But come last summer, I told Hilary Barber that I was thinking of a 15 hour Joss. Hilary, and then Ros  Blackmore, said they wanted to do it, as well.  So they're to blame ... although neither looks old enough.

An infected tick bite and two months of feeling bad put paid to last years attempt, so now it was time to stop procrastinating and get it done. Weekends are busy work time for me, and a mid-week date would give quieter fells and I wanted to keep the run small and informal. I simply told Ros and Hilary they either had to do it with me or pace, so that was sorted.   I'd been busy 'working' in Scotland and the Hebrides, with some slow days in very heavy terrain and wasn't feeling confident at all.  With the summer months passing quickly and a 'iffy' forecast, all the last minute arrangements were made sat on the ferry coming back from Benbecula two days before.

A quick post on facebook for a few willing pacers and all was set.  Berni Gilmartin would lead me off from Pooley, Ros volunteered Neil Bowmer for Leg two, Kirkstone to Dummail and Scott Newburn kindly filled the gap to Styhead where the wimpy Ros and Hilary had been bullied to do the glory leg.

0530 Start

The rumours that Matt Neale and Jim Mann would come for a pre work, and post UTMB recovery jog respectively were true, so four of us set off  'when ready' in calm weather. It's just a shame I hadn't sussed the way out of the fields in the dark.

I was lucky with the weather all day; light NW winds, dry, dry-ish underfoot and good banter. Easy pace to Kirkstone, Berni providing positive time checks and puffing a bit carrying all the gear.  Good Lad, Berni.

First time 'selfie; on the fells.  Leg One...quick let's drop Jimm

I'd taken the 15 hour schedule off the JNC page, added a few minutes to the early leg and hoped to be on schedule by the later stages and gain a little if I could.

Ros had a brew waiting at Kirkstone and Neil loaded himself up with the gear and food. He
was  most upset when I only ate one piece of malt loaf, but Leg Two  is all ups and downs so no flat cruisy ground to eat on.  I can't eat going uphill anymore - too busy breathing!

Dunmail came really easily.  I'd decided that I need to relax and run well on the downs, although it seems any ascent beginning with the letter 's' is a steep sod.

Boss Lady Charmian Heaton was waiting at Dunmail, along with her partner Steve Wathall who'd come along for the remainder.  Scott Newburn was official pacer as far as Bowfell, but we picked up Young Phil Wilkinson on High Raise who'd lead us to Styhead and the dream team of Ros and Hilary.

Dunmail social
Scott peeled off at Stake Pass to run back via the Langdale Pikes and we three, me, The Old Master Steve and the Youngster (Phil is only 30 ....I did a BG before he was born) found Rossett via three slightly different routes, then climbed Bowfell well by the latest 'fastest line'  (Yeah, right!)

Bowfell is a milestone and turning point just as it is on a Bob Graham; you've gained the higher Central fells and head North over Esk Pike and Great End, then Styhead and Gable.  A few spots of rain led to nothing and the forecasted showers never really materialised or at least went around us.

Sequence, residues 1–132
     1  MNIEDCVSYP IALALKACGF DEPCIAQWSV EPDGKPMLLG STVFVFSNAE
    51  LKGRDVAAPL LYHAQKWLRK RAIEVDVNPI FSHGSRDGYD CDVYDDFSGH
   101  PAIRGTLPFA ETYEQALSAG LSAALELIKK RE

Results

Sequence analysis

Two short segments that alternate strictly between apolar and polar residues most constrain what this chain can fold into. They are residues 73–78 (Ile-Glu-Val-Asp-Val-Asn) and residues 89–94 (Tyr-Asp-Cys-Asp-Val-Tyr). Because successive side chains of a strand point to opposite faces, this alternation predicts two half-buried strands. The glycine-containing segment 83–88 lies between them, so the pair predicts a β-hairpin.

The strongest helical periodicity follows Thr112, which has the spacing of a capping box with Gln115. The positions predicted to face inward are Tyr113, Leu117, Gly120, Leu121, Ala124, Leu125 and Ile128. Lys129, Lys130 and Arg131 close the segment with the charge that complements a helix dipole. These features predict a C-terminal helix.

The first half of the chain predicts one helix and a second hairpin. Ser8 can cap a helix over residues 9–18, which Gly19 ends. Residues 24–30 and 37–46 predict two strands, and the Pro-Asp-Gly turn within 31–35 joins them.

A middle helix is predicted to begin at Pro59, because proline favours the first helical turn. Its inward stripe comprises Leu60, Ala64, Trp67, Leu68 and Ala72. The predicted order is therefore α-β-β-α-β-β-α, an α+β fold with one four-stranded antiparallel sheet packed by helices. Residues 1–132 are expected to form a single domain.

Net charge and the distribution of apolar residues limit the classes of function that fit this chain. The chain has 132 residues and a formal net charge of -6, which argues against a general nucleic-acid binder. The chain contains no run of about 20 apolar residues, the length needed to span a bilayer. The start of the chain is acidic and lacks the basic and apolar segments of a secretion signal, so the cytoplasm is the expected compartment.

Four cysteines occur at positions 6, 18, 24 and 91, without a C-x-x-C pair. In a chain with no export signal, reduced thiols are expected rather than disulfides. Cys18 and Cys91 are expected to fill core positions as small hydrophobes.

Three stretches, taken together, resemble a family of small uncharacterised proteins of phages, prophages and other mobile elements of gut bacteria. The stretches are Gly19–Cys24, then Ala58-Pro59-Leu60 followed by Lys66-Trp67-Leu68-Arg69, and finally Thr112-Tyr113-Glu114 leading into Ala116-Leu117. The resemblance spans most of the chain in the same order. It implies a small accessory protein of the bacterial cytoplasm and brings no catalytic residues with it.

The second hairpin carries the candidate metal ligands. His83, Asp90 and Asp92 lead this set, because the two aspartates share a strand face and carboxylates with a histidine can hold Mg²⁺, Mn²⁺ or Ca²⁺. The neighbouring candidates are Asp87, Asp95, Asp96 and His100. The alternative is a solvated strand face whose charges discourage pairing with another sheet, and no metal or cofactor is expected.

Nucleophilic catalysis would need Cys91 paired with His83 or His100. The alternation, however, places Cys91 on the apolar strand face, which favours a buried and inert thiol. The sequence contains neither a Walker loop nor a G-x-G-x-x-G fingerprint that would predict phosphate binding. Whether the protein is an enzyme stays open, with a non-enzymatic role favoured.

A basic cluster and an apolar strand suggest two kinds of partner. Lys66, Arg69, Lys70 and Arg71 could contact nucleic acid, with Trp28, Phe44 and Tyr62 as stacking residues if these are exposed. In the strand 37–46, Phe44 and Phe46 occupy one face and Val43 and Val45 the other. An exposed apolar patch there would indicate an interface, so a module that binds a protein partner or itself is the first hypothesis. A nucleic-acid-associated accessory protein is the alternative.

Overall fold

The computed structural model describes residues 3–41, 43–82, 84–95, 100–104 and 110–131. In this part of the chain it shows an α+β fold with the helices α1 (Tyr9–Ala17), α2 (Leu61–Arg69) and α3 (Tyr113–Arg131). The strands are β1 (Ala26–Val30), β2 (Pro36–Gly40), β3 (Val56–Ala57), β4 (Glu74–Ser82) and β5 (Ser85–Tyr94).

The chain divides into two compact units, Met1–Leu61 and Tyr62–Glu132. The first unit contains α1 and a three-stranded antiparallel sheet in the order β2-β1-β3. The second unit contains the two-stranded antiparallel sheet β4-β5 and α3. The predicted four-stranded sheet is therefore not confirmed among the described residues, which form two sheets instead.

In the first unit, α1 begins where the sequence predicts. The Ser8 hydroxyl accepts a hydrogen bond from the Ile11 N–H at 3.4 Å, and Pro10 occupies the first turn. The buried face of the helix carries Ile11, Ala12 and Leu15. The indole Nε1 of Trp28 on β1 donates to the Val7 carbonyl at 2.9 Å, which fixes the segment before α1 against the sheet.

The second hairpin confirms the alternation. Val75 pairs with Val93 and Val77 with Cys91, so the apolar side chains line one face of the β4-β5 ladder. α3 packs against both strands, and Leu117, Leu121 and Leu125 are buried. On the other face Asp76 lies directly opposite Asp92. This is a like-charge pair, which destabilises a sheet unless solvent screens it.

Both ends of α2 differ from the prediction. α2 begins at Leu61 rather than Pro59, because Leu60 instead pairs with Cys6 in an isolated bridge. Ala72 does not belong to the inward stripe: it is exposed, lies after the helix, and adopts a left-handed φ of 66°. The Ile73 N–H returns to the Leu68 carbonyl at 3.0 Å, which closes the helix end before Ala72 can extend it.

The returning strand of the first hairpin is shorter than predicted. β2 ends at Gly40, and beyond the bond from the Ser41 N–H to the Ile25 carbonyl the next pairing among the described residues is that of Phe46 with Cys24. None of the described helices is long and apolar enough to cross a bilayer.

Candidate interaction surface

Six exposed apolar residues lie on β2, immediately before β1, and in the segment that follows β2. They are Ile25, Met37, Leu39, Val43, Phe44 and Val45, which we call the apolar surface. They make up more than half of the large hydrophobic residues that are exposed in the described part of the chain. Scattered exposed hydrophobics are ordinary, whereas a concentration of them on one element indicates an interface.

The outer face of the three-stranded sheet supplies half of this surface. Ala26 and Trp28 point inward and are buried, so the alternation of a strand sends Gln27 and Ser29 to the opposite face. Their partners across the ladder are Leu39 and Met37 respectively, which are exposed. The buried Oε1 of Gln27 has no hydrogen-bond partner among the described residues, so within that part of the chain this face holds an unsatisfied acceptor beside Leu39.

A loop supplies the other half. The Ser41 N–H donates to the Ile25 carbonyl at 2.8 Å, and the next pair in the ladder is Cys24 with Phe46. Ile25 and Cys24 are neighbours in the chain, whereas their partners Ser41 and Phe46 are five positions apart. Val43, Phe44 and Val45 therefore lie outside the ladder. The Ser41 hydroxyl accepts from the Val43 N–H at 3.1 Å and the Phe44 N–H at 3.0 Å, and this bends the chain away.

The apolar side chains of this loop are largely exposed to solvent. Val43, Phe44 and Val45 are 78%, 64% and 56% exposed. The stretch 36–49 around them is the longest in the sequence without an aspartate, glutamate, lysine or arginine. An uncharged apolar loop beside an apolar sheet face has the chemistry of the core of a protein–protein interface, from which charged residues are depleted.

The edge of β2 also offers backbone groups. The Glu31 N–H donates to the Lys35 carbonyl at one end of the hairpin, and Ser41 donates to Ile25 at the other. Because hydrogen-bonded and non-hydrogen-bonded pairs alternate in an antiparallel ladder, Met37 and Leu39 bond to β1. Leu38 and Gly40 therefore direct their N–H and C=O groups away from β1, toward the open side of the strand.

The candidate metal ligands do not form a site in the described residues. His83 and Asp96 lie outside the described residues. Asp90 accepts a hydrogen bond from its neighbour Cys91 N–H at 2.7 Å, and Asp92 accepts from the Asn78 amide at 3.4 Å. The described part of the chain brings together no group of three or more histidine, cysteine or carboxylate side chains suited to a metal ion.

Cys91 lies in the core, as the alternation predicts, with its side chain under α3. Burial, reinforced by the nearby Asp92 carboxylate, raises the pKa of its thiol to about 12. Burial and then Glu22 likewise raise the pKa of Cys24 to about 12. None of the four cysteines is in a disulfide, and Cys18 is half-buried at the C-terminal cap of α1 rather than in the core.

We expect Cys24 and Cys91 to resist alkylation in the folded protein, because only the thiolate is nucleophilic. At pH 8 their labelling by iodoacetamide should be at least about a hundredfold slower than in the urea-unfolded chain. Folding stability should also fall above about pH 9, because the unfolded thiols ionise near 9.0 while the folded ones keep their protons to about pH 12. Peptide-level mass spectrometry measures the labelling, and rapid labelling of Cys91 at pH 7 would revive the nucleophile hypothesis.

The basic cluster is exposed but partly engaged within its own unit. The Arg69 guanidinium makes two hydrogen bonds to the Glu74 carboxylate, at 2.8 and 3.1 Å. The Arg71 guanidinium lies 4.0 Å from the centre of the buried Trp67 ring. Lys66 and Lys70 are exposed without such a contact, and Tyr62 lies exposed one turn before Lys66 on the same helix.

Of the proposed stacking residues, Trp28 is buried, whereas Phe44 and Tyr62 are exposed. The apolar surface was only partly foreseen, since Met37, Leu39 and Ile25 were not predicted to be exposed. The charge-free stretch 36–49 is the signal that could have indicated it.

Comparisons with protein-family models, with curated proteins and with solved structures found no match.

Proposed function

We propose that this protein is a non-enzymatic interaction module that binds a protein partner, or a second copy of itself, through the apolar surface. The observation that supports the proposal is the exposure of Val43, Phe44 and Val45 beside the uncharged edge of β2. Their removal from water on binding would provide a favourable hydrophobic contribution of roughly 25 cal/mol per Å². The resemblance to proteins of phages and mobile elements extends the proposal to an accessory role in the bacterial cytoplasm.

I hadn't specifically reccied any of the lines despite being Lakes based but was confident that we wouldn't get lost.  Phil The Younger was leading OK ( he'll learn ...) and we took the direct line North off Great End, if only because it's what Joss would have wanted.

Styhead - Five Stars on Trip Adviser

Naturally, Ros, Hilary and Neil were ready at Styhead Box with a fine selection of food and replete we four started a very social plod up Gable.

Ninja Mountain Suit - Hilary and Neil's Buffet Box
It's just a month or so since I did this last in the Borrowdale fell race and this time it seemed easy.  We topped out surprisingly quickly and I was by now gaining time on each summit and around 30 minutes up on 14:40 schedule.

One of Hilary's excellent photos

Never taken selfies on a run before.  Reputation ruined!!

The showers held off, and were blessed with good views over Pillar, Scoat and Steeple.  Haycock was a delight and Steve found such a good line off even he was surprised!

Climbing Kirkfell, Gable behind

It really was a stunning evening - Hilary the photographer
The last 'S', Seatallan had me puffing and allowed Ros to finally break out the much offered  sweeties. Looking at my watch properly for the first time,  I thought it would be rude not to push for sub 14 hours with a nice run over to Middlefell and a surprisingly easy descent.

An 'S' summit - Seatallan steepens up to the top.

It really is a great descent - you can see Wastwater as you leave Middlefell summit but then the finish kindly comes nearer as you descend towards Greendale, first seeing your supporters cars, then the bridge itself.  It must have been agony for Mandy Goth chasing her 14 hour deadline, but I was lucky with time in hand.

Steve, Hilary, Joss, Joe, Neil, Ros and Phil

My friend Richard had walked out just to make sure we turned right down the beck and didn't get lost then suddenly it's over, I'm at The Bridge with Neil, Phil, Charmian, Carol, Linz and of course Joss.

My friends, Richard and Carol, are near neighbours of Joss and had booked a table at The Strand ...so it was off the the pub for the remainder of a simply brilliant day.  Thank You, everyone, for your help during the day and for our kind donations to 'Fix-the-Fells' via JustGiving

Simply Brilliant.

Joe Faulkner’s JNC Schedule / Time Sheet :  Thurs 6/9/2018

Berni Gilmartin
Matt Neale
Jim Mann
Arthur’s Pike
Loadpot Hill
Wether Hill
Red Crag
Raven Howe
High Raise
Kidsty Pike
Rampsgill Head
High Street
Thornthwaite Beacon
Stony Cove Pike
Pike How
Kirkstone Arr
Red Screes
Neil Bowman
Hart Crag
Seat Sandal
Steel Fell
Scott Newburn
Steve Wathall
High Raise
Rossett Pike
Steve Wathall
Phil Wilkinson
Esk Pike
Great End
Great Gable
Ros Blackmore
Hillary Barber
Steve Wathall
Scoat Fell
Middle Fell
Greendale Bridge


Red Screes and Dunmail road support by Ros Blackmore
Schedule adapted from JNC pdf, with a minute or two added early on based on guesswork.
No time scheduled for breaks at Kirkstone or Dunmail, but  a few minutes taken stand about.